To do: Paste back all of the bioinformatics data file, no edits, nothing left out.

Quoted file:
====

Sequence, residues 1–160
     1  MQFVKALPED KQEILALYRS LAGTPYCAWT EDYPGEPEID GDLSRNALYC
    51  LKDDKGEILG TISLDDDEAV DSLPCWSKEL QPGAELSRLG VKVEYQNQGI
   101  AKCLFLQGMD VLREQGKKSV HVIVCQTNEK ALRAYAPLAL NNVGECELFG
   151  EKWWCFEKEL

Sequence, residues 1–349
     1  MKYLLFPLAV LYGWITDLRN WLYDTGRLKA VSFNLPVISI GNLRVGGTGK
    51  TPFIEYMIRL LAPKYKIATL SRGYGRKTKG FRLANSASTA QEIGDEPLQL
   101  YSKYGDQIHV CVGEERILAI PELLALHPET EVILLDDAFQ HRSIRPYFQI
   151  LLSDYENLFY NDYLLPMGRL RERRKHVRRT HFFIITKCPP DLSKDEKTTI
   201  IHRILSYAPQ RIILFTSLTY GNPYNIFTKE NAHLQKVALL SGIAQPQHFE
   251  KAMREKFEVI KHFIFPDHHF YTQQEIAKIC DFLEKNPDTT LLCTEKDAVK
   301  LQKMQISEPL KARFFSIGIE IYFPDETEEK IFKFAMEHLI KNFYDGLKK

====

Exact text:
Sequence, residues 1–160
     1  MQFVKALPED KQEILALYRS LAGTPYCAWT EDYPGEPEID GDLSRNALYC
    51  LKDDKGEILG TISLDDDEAV DSLPCWSKEL QPGAELSRLG VKVEYQNQGI
   101  AKCLFLQGMD VLREQGKKSV HVIVCQTNEK ALRAYAPLAL NNVGECELFG
   151  EKWWCFEKEL

Sequence, residues 1–349
     1  MKYLLFPLAV LYGWITDLRN WLYDTGRLKA VSFNLPVISI GNLRVGGTGK
    51  TPFIEYMIRL LAPKYKIATL SRGYGRKTKG FRLANSASTA QEIGDEPLQL
   101  YSKYGDQIHV CVGEERILAI PELLALHPET EVILLDDAFQ HRSIRPYFQI
   151  LLSDYENLFY NDYLLPMGRL RERRKHVRRT HFFIITKCPP DLSKDEKTTI
   201  IHRILSYAPQ RIILFTSLTY GNPYNIFTKE NAHLQKVALL SGIAQPQHFE
   251  KAMREKFEVI KHFIFPDHHF YTQQEIAKIC DFLEKNPDTT LLCTEKDAVK
   301  LQKMQISEPL KARFFSIGIE IYFPDETEEK IFKFAMEHLI KNFYDGLKK